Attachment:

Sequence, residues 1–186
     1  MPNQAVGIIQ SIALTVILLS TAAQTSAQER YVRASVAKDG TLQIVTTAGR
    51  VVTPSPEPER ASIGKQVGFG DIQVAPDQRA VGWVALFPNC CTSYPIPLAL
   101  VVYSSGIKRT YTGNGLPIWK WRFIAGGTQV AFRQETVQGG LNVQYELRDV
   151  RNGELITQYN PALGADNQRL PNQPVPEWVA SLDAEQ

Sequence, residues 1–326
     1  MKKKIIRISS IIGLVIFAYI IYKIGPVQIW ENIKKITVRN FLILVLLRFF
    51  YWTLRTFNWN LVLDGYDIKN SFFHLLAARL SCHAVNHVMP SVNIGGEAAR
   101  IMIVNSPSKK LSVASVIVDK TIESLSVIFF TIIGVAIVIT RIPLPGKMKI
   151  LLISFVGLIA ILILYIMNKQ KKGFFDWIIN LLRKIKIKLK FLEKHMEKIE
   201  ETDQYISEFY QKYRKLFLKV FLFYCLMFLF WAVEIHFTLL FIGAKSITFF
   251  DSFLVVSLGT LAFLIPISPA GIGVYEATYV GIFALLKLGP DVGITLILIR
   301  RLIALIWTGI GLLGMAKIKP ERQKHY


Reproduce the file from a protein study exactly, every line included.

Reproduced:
Sequence, residues 1–186
     1  MPNQAVGIIQ SIALTVILLS TAAQTSAQER YVRASVAKDG TLQIVTTAGR
    51  VVTPSPEPER ASIGKQVGFG DIQVAPDQRA VGWVALFPNC CTSYPIPLAL
   101  VVYSSGIKRT YTGNGLPIWK WRFIAGGTQV AFRQETVQGG LNVQYELRDV
   151  RNGELITQYN PALGADNQRL PNQPVPEWVA SLDAEQ

Sequence, residues 1–326
     1  MKKKIIRISS IIGLVIFAYI IYKIGPVQIW ENIKKITVRN FLILVLLRFF
    51  YWTLRTFNWN LVLDGYDIKN SFFHLLAARL SCHAVNHVMP SVNIGGEAAR
   101  IMIVNSPSKK LSVASVIVDK TIESLSVIFF TIIGVAIVIT RIPLPGKMKI
   151  LLISFVGLIA ILILYIMNKQ KKGFFDWIIN LLRKIKIKLK FLEKHMEKIE
   201  ETDQYISEFY QKYRKLFLKV FLFYCLMFLF WAVEIHFTLL FIGAKSITFF
   251  DSFLVVSLGT LAFLIPISPA GIGVYEATYV GIFALLKLGP DVGITLILIR
   301  RLIALIWTGI GLLGMAKIKP ERQKHY